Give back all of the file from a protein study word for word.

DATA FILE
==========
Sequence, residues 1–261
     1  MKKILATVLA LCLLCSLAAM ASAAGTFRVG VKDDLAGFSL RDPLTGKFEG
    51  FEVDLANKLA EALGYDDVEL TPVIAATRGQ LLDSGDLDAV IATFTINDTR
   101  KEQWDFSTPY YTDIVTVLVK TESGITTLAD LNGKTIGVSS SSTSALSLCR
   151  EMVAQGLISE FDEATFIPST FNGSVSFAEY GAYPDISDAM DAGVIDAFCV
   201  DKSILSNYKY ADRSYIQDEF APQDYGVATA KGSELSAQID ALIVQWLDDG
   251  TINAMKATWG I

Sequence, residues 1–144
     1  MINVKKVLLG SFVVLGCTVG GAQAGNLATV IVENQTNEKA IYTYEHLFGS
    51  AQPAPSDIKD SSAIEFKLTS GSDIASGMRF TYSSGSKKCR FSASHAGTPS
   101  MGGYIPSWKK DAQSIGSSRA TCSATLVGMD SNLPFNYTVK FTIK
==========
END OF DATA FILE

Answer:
Sequence, residues 1–261
     1  MKKILATVLA LCLLCSLAAM ASAAGTFRVG VKDDLAGFSL RDPLTGKFEG
    51  FEVDLANKLA EALGYDDVEL TPVIAATRGQ LLDSGDLDAV IATFTINDTR
   101  KEQWDFSTPY YTDIVTVLVK TESGITTLAD LNGKTIGVSS SSTSALSLCR
   151  EMVAQGLISE FDEATFIPST FNGSVSFAEY GAYPDISDAM DAGVIDAFCV
   201  DKSILSNYKY ADRSYIQDEF APQDYGVATA KGSELSAQID ALIVQWLDDG
   251  TINAMKATWG I

Sequence, residues 1–144
     1  MINVKKVLLG SFVVLGCTVG GAQAGNLATV IVENQTNEKA IYTYEHLFGS
    51  AQPAPSDIKD SSAIEFKLTS GSDIASGMRF TYSSGSKKCR FSASHAGTPS
   101  MGGYIPSWKK DAQSIGSSRA TCSATLVGMD SNLPFNYTVK FTIK